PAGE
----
At least in our collective imaginations, the Communist era in Eastern Europe is always in black and white. This is partially because of the legacy of great black-and-white films by Polish masters such as Andrzej Wajda and Wojciech Has and also because we’ve been conditioned to think of the Stalinist years as perpetually gray and depressing.
In his new film, Cold War (which premiered in competition at Cannes on Thursday), the Polish-born director Pawel Pawlikowski (who made his early features in Britain) presents a nuanced portrait of life behind the fabled Iron Curtain from 1949-1964, while evoking the bleak reality of those times by shooting the film (as was true of Pawlikowski’s Oscar-winning Ida) in sepia tones.
Although Pawlikowski can obviously not evade confronting the ideological stupidity and bureaucratic blunders of life under Stalinism, Cold War is primarily a love story set against the backdrop of Polish Communism. An intimate epic that transports its characters to a number of countries—East Germany, France and Yugoslavia in addition to Poland—the melancholy narrative traces the ill-fated relationship of middle-aged Wiktor (Tomasz Kot), a talented composer and pianist, and Zula (Joanna Kuling), the teenaged singer and dancer who becomes his muse and lifelong obsession.
Wiktor and Zula’s fates converge at an academy dedicated to preserving Polish folk music traditions. It’s also a place where young strivers endeavor to escape the boredom of state socialism by trying to make careers for themselves that will enable them to become upwardly mobile and travel abroad. The wily Zula is far from naïve. She knows that attracting Wiktor’s amorous attention might well ensure her a more exciting life than is usually possible for a girl from the wrong side of the tracks. (Despite the state’s denials, class distinctions were still very much operative in Communist Poland).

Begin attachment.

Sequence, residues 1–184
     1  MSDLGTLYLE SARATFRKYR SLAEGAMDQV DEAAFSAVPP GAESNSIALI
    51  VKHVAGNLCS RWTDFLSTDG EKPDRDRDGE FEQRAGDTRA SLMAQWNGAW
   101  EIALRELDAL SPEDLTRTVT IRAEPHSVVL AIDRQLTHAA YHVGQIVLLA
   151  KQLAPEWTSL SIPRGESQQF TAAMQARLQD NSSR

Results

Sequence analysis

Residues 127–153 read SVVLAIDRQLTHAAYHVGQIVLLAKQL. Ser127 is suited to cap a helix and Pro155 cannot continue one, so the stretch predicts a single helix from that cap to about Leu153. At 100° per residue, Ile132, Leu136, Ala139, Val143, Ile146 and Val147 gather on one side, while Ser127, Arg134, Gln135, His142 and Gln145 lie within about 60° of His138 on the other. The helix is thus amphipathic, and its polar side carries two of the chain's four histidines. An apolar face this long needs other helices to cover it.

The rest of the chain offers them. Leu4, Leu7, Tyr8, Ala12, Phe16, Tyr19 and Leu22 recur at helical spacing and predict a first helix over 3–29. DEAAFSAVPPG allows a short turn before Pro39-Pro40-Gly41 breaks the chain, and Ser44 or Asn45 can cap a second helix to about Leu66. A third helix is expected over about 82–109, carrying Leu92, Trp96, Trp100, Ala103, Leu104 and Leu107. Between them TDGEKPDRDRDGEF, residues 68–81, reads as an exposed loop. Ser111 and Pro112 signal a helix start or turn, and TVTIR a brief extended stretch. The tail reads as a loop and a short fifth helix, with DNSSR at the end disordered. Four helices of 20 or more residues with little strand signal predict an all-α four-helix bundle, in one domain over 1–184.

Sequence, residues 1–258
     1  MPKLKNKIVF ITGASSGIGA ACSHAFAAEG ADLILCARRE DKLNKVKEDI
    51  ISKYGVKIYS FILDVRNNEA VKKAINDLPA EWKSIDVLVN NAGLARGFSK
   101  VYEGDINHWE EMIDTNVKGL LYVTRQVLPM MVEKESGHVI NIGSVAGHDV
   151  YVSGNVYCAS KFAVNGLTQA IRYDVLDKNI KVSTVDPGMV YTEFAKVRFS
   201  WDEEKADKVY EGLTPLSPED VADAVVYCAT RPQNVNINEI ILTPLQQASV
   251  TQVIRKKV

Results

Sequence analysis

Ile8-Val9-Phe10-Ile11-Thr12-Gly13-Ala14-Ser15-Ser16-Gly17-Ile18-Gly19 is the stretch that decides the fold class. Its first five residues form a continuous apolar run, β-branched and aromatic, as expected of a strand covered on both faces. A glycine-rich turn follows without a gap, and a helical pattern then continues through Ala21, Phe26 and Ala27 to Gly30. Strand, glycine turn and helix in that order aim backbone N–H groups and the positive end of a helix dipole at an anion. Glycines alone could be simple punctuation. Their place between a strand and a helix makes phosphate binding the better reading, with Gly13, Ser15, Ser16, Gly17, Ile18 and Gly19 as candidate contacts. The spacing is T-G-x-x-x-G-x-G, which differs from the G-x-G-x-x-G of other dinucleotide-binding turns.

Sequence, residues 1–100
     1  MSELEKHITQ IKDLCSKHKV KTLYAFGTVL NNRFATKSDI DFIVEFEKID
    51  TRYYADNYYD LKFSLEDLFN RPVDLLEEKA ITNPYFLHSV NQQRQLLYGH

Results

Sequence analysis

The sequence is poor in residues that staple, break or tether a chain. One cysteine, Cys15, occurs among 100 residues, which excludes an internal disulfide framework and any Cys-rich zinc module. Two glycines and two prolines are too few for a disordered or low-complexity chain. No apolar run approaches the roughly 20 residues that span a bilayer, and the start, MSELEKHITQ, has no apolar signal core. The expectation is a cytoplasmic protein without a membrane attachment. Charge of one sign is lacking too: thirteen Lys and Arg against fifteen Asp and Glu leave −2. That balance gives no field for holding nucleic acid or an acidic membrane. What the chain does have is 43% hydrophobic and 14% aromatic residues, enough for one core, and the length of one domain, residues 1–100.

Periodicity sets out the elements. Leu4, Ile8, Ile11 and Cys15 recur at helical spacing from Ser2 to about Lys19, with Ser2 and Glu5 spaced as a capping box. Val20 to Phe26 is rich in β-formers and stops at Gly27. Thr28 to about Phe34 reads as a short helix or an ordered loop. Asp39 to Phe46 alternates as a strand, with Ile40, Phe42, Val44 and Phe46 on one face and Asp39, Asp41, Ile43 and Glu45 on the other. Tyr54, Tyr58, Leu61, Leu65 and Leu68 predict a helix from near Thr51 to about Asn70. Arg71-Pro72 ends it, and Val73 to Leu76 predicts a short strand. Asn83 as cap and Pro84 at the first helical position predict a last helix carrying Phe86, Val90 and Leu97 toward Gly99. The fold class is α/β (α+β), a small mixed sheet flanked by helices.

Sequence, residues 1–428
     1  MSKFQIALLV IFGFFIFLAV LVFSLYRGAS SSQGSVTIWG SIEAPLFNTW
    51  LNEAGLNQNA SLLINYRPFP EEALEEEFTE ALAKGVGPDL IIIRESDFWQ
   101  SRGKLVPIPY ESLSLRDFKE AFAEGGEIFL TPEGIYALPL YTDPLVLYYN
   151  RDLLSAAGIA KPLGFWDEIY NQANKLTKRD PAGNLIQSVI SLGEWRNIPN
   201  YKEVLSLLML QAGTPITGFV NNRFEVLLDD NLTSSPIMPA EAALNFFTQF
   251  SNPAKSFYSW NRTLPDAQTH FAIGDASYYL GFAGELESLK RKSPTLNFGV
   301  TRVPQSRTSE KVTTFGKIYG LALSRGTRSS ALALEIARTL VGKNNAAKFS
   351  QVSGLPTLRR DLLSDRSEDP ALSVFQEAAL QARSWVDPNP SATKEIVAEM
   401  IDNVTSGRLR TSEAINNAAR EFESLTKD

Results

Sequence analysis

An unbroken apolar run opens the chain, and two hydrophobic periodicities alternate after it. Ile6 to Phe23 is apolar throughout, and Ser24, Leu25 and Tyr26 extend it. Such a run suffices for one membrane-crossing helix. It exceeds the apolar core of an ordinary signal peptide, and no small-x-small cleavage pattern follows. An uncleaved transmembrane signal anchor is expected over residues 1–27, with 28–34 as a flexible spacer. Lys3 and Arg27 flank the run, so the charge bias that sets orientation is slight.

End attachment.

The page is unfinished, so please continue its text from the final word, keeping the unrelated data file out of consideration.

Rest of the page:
The political entanglements endemic to this state-sponsored musical academy makes Cold War more than just a bittersweet love story. The ideological gatekeeper at the school is a Stalinist flunky named Kaczmarek (Borys Szyc), whose rigid fealty to the party line and conniving machinations help to doom Wiktor and Zula’s affair. Inspired by Mazowsze, an actual “state folk group of song and dance” that thrived in postwar Poland, the conservatory’s musical offerings look back to a romanticized rural past. Kaczmarek, no doubt responding to a directive from on high, is dissatisfied with the apolitical nature of the performances and soon demands that hymns to Stalin and agricultural reform be incorporated into the group’s repertoire. Ideology also trumps love in the sense that, in order to survive in the school’s pecking order, Zula is compelled to snitch on Wiktor and reveal some of his minor transgressions to Kaczmarek.
Despite the indignities of living under a totalitarian regime, Cold War demonstrates that escape mechanisms do not always provide ideal solutions. When Zula finally joins Wiktor in Paris, the couple’s already-far-from-idyllic relationship sours irredeemably. Zula finds Parisian salon culture suffocating and yearns to return to Poland. A stellar musician at home, she’s disgusted with the precious French lyrics Wiktor’s former mistress, who she sneeringly refers to as a “poetess,” pens for her failed first album. Even life among the apparatchiks in Poland begins to seem preferable.
A movie supremely conscious of film-historical precedents, Cold War sometimes seems like a recently rediscovered Polish film from the sixties—even though it would have been difficult to deal openly with most of this material at that historical juncture. At times, the many allusions to European films of previous decades comes off as slightly airless and derivative. Critics are already comparing Joanna Kulig’s turn as a troubled heroine to Jeanne Moreau’s performance in Truffaut’s Jules and Jim. Yet, as Pawlikowski observed at a press conference on Friday, he regards the notion of “homeland” as more of a cultural state of mind than an investment in a narrow conception of nationalism. Cold War proves that you can go home again, even though the emotional and political consequences might turn out to be devastating.